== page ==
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Private Information and Businesses: What Are Your Obligations? 

Privacy laws have changed, meaning that you need to review your privacy policies and procedures to comply with the law and to avoid the consequences for not complying. The Privacy Act 1988, together with the National Privacy Principals, set out the obligations of businesses in relation to obtaining, storing and dealing with private information.

 

In February, the Federal Parliament passed new legislation, the Privacy Amendment (Notifiable Data Breaches) Act 2017, which regulates how businesses deal with data breaches. A data breach is defined as a situation where there has been unauthorised access or disclosure of personal information about individuals. If the unauthorised access or disclosure is likely to lead to a risk of serious harm to those individuals whose data has been breached, the business must assess that breach and notify the Commissioner as well as any affected individuals. The only exception is if the business can show that despite a breach, there is no risk of harm to an individual.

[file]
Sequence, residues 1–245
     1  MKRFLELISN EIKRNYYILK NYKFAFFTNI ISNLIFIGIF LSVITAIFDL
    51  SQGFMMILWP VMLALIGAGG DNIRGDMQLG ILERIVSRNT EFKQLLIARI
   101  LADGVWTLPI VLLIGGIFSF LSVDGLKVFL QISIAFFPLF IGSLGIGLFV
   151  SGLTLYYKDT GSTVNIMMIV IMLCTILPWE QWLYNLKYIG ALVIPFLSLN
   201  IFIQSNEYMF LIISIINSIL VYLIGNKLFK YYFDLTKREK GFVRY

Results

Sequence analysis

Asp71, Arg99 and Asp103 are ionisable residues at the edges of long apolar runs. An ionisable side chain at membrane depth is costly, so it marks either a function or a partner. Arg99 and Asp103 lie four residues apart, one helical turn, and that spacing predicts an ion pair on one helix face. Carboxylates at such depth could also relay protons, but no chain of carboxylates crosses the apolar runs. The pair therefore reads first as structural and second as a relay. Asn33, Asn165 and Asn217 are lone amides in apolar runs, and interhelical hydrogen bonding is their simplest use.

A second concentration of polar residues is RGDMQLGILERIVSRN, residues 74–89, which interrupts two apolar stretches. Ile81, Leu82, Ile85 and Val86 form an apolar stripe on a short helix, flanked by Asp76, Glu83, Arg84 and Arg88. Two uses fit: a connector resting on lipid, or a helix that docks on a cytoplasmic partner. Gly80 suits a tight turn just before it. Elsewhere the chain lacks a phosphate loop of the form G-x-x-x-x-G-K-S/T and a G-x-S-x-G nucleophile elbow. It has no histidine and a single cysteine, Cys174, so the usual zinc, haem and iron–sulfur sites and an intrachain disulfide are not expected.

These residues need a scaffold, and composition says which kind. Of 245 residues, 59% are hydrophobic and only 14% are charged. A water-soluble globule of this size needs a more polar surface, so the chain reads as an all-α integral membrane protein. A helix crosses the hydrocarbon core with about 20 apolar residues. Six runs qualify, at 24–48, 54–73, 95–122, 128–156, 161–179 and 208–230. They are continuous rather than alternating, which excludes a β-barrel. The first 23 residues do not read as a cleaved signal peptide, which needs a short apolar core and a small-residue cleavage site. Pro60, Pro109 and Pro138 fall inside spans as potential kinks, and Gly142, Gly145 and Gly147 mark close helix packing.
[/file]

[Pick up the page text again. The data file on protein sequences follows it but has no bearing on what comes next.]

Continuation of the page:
In this regard, “serious harm” includes the following; physical harm, psychological harm, financial harm, economic harm, and harm to reputation.

 

If a business does not comply with their obligations under the new Act, they will be deemed to have interfered with the privacy of an individual, which can have serious consequences, including civil penalties.

 

To reduce the risks of being in breach of the Privacy Act, together with the new legislation, you must:

  • Review and amend your privacy policies to ensure that they comply with the National Privacy Principals.
  • Update your internal privacy policies to include a plan for how you will deal with a data breach – including what you will do if a breach is suspected or discovered. This plan should comply with the obligations in the new legislation.
  • Assess how and when you will need to notify customers.
  • Determine what action you would take so that no harm arises from a breach, and so notification to customers is NOT required and.
  • Review your contracts with service providers, to ensure that any other business you share information with also has policies regarding how they deal with personal information and what happens in the case of a breach.

 

If you are unsure of your obligations under the Privacy Legislation or require assistance in developing a privacy policy or data breach plan, our business lawyers can help. Contact our Commercial Business team on 9521 6000.

 

 

Deva Saraswati - Watkins Tapsell

Devanand Saraswati